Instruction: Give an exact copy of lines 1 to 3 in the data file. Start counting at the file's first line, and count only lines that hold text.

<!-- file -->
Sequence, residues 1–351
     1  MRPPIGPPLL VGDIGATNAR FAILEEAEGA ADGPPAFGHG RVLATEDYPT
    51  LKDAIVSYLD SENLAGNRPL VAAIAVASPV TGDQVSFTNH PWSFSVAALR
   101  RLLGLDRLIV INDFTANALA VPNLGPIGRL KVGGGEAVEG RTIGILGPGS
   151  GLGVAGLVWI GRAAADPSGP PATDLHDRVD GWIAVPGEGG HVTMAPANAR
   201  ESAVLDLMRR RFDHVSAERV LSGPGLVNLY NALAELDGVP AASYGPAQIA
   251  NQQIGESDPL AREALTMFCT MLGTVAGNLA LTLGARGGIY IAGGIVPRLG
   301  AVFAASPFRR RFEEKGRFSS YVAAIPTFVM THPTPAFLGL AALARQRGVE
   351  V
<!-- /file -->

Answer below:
Sequence, residues 1–351
     1  MRPPIGPPLL VGDIGATNAR FAILEEAEGA ADGPPAFGHG RVLATEDYPT
    51  LKDAIVSYLD SENLAGNRPL VAAIAVASPV TGDQVSFTNH PWSFSVAALR